A 2012 Moleskine Planner And That Paper Issue


Last week the European Paper Company sent a Moleskine Weekly Notebook Diary/Planner 2011-2012 that I won in a giveaway. How could I not give it a test spin for Inkophile readers?

Moleskine Academic Planner for 2011-2012

Moleskine Academic Planner for 2011-2012

The planner comes with a supple, soft cover and two page layout. On the left side is a weekly calendar and on the right a lined page. There are lots of extras at the front of the notebook including a monthly calendar, schedule of international holidays, map of time zones, dialing codes, chart of measures and conversions, and more. The back has a pocket with a sheet of stickers. There is a ribbon bookmark and the whole package stays together with a neat elastic band. All to the good and fitting with the Moleskine brand and price.

Moleskine Academic Planner for 2012 - Interior Pages

Moleskine Academic Planner for 2012 – Interior Pages

As always Moleskine looks great and feels wonderful in the hand. The planner paper is thin which allows space for a huge number of sheets in a notebook a mere one centimeter thick. The good news is that the acid-free (pH neutral) paper feathers much less with fountain pen ink than the last time I tested a Moleskine. The bad news is that the paper shows significant bleed-through though less so with Noodler’s Kiowa Pecan, Zhivago, and Red-Black inks. Since both sides of the paper are necessary for the diary’s format, this could be a deal-breaker for fountain pen users.

Moleskine Academic Planner - Written Sample

Moleskine Academic Planner – Written Sample

Moleskine Academic Planner for 2012 - Written Sample (Reverse)

Moleskine Academic Planner for 2012 – Written Sample (Reverse)

Other writing instruments worked better but still there was a little ghosting. With such thin paper, this is to be expected. Years ago I used a Parker ’51’ Aero Special with a fine nib and Noodler’s Black ink in a Moleskine journal with good results. Pendemonium‘s Noodler’s Legal Lapis worked well as did J. Herbin Poussière de Lune. I suspect all would be good with this planner as well.  The Sharpie Pen and the Zig Millennium 05 were well-suited to the narrow line-spacing. In fact due to its fine point, the Sharpie will be my first choice for the Moleskine when I don’t have the ’51’ with Zhivago to hand. When I need color the Millennium with Pure Violet ink will do.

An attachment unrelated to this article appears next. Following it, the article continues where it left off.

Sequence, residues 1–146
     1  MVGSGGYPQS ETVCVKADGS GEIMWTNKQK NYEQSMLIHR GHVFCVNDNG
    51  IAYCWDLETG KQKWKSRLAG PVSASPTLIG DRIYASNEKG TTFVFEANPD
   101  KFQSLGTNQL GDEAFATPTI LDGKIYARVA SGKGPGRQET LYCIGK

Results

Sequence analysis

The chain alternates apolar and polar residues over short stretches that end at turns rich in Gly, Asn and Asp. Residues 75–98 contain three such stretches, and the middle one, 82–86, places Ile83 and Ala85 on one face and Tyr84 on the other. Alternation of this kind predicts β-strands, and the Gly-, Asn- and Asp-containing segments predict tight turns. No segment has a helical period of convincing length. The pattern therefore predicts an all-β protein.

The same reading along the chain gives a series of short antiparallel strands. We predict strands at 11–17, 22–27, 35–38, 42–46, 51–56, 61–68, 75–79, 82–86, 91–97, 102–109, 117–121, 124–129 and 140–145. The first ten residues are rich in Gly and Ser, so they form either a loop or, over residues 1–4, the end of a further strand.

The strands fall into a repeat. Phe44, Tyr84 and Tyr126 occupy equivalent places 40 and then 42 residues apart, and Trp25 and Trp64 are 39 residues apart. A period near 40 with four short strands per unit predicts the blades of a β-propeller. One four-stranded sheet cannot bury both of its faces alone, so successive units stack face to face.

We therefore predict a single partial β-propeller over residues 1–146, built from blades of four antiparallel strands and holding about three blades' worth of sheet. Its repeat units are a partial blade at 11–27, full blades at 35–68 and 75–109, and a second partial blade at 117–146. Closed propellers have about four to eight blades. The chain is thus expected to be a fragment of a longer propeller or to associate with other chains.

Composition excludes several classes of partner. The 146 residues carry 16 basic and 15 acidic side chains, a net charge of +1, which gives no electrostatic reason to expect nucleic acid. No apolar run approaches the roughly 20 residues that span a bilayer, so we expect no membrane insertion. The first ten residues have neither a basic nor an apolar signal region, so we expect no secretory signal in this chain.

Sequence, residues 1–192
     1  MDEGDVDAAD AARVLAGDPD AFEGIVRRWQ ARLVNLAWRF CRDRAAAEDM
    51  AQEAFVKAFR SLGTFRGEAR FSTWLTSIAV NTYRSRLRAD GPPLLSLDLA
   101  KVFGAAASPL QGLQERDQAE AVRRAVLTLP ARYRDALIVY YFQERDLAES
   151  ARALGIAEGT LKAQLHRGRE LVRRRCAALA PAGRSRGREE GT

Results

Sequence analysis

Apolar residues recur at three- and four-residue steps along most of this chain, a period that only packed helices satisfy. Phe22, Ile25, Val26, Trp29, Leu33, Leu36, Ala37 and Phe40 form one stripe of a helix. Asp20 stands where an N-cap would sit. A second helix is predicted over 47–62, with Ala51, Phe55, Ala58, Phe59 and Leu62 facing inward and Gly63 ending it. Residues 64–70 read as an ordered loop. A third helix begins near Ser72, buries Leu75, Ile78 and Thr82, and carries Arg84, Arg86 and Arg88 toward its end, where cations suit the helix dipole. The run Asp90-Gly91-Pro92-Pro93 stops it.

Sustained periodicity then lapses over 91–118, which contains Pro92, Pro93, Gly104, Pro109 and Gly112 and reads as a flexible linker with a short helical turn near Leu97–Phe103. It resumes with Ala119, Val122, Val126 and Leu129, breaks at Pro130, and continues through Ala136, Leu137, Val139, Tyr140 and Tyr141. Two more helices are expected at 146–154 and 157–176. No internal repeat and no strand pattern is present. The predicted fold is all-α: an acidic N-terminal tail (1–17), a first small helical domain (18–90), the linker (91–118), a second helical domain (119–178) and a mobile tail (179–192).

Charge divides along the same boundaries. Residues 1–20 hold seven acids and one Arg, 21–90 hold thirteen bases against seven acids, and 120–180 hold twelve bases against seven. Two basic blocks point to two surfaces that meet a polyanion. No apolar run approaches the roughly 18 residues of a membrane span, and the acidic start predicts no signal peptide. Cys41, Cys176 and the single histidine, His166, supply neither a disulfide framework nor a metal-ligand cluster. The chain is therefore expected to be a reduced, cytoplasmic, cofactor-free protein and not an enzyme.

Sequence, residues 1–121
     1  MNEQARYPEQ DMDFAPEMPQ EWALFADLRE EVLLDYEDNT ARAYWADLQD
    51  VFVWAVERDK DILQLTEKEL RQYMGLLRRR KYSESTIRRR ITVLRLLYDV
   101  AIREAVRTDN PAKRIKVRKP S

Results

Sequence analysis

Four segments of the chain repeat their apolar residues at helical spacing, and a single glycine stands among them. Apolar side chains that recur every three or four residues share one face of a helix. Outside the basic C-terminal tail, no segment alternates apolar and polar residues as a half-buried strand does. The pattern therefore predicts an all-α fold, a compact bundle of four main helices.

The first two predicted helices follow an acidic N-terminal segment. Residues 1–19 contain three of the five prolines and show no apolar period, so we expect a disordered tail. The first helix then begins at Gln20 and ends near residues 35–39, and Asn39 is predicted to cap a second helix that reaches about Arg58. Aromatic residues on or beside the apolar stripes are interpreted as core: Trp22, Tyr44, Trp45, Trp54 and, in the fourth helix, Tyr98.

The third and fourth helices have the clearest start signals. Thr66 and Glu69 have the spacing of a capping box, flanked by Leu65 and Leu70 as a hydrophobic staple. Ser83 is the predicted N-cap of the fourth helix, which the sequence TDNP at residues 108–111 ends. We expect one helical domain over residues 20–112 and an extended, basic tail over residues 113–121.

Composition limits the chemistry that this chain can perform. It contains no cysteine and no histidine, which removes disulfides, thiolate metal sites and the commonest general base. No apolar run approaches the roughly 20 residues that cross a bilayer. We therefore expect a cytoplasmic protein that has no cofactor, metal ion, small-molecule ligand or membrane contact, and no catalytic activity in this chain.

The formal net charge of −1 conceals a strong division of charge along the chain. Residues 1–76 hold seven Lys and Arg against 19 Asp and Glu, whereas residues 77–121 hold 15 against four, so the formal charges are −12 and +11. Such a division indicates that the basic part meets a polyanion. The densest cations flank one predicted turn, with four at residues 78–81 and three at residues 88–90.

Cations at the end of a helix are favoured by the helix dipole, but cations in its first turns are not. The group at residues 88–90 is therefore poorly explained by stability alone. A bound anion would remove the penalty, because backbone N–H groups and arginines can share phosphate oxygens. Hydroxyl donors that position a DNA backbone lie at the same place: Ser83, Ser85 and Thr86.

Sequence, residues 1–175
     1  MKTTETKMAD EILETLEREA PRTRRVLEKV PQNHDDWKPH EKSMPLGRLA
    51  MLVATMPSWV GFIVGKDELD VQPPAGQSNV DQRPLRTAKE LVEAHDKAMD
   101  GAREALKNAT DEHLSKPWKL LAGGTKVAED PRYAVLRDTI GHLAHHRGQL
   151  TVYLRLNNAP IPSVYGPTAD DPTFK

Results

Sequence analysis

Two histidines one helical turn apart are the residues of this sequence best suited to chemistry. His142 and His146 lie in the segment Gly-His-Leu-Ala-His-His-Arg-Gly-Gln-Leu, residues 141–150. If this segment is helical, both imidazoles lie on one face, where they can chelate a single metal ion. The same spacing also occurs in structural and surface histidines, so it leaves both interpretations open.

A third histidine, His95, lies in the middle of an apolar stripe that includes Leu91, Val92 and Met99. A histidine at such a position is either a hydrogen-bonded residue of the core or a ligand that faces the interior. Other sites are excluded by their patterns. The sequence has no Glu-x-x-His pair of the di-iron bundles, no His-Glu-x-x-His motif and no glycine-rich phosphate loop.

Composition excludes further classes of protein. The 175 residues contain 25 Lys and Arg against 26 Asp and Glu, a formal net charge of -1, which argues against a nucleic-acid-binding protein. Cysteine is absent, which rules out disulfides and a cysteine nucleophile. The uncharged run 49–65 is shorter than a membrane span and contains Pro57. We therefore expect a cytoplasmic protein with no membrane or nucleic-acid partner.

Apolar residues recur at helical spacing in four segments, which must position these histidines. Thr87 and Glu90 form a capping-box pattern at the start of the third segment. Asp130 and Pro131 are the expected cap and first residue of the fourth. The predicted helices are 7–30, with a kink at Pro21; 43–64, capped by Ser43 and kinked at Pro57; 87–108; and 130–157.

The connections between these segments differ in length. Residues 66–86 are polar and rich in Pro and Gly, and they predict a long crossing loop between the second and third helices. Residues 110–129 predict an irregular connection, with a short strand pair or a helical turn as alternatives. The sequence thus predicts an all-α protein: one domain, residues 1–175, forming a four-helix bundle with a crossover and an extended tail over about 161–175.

One of these days I’d like to test a recently manufactured regular Moleskine journal to see if the bleeding is an issue. Writing on one side of the page would solve the problem though it would be a less than economical use of the journal. There have been enough remarks on Fountain Pen Network from people who have no issues with Moleskine to make me think there are pens and inks that suit the paper beautifully. If you have had that sort of experience, the Moleskine Weekly Planner should be just right. If not, then expect to test and experiment until you find a suitable match. If you love fat juicey pens, I wouldn'[t recommend the Moleskine. Switch your pen or find a different planner, one known for tolerating fountain pen ink.

Parker '51' With J. Herbin Vert Empire On Moleskine

Parker ’51’ With J. Herbin Vert Empire In An Old Moleskine

Some non-fountain pen ink tests from DIYSara.



  1. Ever since the source their paper out of China it is very poor quality. Wonder if the are seeing a drop in sales because of this change? They are obviously producing a cheaper made product while selling at pretty high prices.

    I have a couple of older small Moleskine notebooks that were made in Italy and the paper is wonerful.

    I hope you let them know how they have ruined their product, not to mention their reputation, by going to China in the name of profit.